#draftfromthepast: March 2013 "more"

Draft Post written in March, 2013

Yesterday, I swept my floors twice, I cleaned four out of five of the bathrooms in our house (Why do we have so many damn toilets??), I made three square meals for my family, I wiped little bums, tucked in sleepy children and did two loads of laundry. If you threw in some ironing of my husbands shirts (which he has banned me from doing, because I suck at it), I would be the picture perfect 1950's housewife.

Trust me, this is not what I pictured my life to be like when I was a 20-something, career-focused gal, with sights set on MAKING MY MARK IN THIS WORLD. I am not quite sure what I had pictured, but it was probably somewhere in between these two. I have always been a bossy, know what I want kind of person, and I have a bit of a flair for the dramatic, so you see, equal parts Hillary and Gaga and there was my future me, Grown-up Natasha - Making her Mark!

Hillary and Gaga
Hillary and Gaga

So what happened? Where is that woman? Was that her yesterday, yellow-gloved and elbow deep scrubbing toilets?

I have moments lately where I look at myself and I wonder if I really do know myself. Do I know what my purpose in life is and am I living that fully? How exactly am I making my mark?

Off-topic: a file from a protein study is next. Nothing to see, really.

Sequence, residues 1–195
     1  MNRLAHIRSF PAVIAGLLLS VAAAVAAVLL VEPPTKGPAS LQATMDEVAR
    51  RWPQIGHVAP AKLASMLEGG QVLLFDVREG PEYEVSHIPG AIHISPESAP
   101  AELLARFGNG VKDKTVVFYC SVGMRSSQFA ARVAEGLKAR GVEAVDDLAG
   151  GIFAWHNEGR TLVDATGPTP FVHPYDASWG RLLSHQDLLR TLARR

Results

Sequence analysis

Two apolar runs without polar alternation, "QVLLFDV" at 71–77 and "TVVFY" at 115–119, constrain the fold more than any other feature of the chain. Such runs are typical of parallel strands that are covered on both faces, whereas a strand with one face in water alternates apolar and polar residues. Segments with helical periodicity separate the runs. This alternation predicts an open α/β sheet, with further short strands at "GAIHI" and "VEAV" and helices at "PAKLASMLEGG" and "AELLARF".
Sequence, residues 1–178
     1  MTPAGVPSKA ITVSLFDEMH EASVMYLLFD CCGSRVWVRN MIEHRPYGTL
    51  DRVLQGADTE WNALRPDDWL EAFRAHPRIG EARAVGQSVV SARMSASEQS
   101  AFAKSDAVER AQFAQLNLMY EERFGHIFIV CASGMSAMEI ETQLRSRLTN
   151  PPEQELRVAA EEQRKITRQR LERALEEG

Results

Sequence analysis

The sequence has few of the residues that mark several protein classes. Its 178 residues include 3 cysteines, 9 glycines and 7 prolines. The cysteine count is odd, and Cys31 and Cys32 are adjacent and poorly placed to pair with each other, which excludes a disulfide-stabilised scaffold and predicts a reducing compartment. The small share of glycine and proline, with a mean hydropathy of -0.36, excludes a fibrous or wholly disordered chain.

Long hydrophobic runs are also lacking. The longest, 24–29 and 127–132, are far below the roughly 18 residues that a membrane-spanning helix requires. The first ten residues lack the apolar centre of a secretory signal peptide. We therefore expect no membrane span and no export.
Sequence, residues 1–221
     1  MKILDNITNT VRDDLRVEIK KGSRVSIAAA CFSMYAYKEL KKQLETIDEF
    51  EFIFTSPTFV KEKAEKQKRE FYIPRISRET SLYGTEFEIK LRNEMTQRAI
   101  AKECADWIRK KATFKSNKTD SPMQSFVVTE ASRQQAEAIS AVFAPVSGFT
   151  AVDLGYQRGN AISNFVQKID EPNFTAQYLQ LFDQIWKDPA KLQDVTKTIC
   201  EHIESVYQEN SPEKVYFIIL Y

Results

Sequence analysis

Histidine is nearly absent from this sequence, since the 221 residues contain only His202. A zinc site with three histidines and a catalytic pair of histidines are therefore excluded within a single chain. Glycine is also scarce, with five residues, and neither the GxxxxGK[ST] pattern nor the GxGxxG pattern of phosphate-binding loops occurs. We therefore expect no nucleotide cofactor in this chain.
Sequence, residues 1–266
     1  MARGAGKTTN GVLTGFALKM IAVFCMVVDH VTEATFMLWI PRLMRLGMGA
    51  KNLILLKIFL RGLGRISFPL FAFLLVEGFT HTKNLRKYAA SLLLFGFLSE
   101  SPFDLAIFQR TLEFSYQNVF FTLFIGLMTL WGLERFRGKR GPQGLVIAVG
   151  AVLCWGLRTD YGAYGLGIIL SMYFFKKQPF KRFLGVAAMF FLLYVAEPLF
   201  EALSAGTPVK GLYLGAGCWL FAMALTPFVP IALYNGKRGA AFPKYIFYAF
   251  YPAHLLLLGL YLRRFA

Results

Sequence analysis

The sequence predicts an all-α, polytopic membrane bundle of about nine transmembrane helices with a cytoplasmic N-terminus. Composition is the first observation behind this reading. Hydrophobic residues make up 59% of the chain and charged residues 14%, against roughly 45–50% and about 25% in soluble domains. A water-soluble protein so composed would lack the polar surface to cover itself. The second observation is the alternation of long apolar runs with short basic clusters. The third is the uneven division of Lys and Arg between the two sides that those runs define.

A lot of questions I know. Yes, I am a mother and I am making my mark by moulding the minds of these two little people in my care, and that is the single greatest (and scariest) responsibility and privilege in my life. Perhaps it is because I am not as young as I used to be and that feeling of "Go forth and DO something BIG and meaningful" seems to be slipping away as the years go by. Maybe this is a normal kind of thing that happens to people when a parent dies. We see their lives, their regrets, the things that they wish they had done differently and wonder if we too will be on our death beds, asking for forgiveness, wishing we had done more, trying to find peace, hoping it was all enough.